At 10 o’clock, we went to see the cathedral, which justly excites the admiration of every beholder, and is probably the most magnificent Gothic edifice in the world. It stands some 60 feet above the Rhine, and is dedicated to St. Peter. As early as the 9th century, an Episcopal church occupied this site. The foundation of the present structure, however, was laid in 1248; in 1322, the choir part was consecrated; in 1388 the nave was sufficiently advanced to be fitted up for service; and, in 1447, the bells were placed in the south tower. The unfinished building was provided with a temporary roof in 1508 and gradually became more and more dilapidated, so that in 1796, the French used it as a hay magazine.
Frederick William III, King of Prussia, at length rescued the desecrated building from total destruction. The work of reconstruction began in 1824, and, in 1880, the completion of the cathedral was celebrated. The entire sum expended in the period of reconstruction amounted to $4,500,000, mostly paid by the government.
To give you an idea of the immensity of this structure, I will only mention the height of the walls, 150 feet, the roof, 201 feet, the towers, 515 feet. The enormous mass of masonry is beautified by a profusion of buttresses, turrets, galleries, cornices and foliage.
The interior, which is borne by 56 pillars, is 130 yards in length, and the effect produced by the tout ensemble is singularly impressive. The stained glass windows are fine, five of them executed in 1508, are said to be the finest examples of the kind now extant. The more modern windows, presented by King Lewis I of Bavaria, in 1948, and Emperor William I, at a still later date, are very fine.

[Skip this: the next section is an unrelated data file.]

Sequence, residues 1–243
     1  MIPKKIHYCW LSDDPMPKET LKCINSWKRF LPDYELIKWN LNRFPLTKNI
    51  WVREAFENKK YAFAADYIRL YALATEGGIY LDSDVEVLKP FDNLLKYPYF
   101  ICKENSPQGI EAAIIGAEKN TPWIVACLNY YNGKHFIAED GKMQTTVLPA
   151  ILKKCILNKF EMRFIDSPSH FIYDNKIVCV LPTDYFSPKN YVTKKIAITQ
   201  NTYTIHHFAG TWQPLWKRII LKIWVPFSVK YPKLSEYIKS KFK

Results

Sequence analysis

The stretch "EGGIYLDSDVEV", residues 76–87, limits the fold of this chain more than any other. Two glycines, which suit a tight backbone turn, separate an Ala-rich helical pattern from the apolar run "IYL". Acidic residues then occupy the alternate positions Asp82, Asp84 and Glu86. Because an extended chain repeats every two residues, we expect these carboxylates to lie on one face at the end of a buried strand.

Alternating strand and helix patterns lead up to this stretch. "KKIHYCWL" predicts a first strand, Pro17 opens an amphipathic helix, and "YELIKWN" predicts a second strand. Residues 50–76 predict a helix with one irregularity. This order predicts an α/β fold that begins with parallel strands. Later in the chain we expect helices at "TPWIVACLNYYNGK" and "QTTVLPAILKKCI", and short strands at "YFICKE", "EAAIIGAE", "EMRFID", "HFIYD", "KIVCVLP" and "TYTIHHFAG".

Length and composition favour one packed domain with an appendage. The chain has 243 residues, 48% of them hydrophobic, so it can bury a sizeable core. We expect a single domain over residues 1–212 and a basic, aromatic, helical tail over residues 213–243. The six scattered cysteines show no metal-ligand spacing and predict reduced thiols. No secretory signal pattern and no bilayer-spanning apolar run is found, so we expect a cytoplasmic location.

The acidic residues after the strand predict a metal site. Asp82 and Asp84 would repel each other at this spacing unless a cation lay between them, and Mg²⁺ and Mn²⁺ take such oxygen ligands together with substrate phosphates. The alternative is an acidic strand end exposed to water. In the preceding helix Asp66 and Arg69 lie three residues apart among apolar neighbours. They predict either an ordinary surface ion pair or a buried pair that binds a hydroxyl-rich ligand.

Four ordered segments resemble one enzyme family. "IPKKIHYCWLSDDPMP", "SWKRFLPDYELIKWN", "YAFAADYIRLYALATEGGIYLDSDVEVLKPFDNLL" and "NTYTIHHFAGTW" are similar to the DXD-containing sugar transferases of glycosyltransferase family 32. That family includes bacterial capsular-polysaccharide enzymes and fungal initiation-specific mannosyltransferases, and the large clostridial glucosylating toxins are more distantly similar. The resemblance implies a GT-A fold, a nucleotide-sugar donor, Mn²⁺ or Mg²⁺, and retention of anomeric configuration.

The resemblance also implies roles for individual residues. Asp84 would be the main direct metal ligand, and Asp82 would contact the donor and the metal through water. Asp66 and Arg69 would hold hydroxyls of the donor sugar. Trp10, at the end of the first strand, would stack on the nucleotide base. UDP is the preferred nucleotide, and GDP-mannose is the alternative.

The chapels contain fine tombs of archbishops. In one of them, the chapel of St. Michael, is the celebrated Dombild, a large winged picture (by Stepan Loehner 1450), representing the adoration of the Magi in the center, and some saints on the wings. The treasury contains the golden Reliquary of the Magi: silver shrines, ten admirably carved ivory tablets, with scenes from The Passion, a monstrance of the 17th century, 19 1/2 lbs. in weight, thickly set with precious stones.
From here to the Wallraf Richartz Museum, which has some fine mosaic pavement, including the “Mosaic of the Sages,” showing bust portraits of seven Greek philosophers and poets, Diogenes, Socrates, Aristotle, Plato, etc.
The staircase has fine frescoes illustrative of the history of art and civilization in Cologne, fine pictures of the Italian school and modern paintings, among them G. Richter’s “Queen Louise.”
After dinner we took the train for Neuss, and spent a very fine afternoon and evening with Theodor and family, returning home and to bed by 12 o’clock. I will try to write more tomorrow, but now I must close. We are going with Hortense to the Palm Garten. I am way behind with my daily letter, you see. All send love.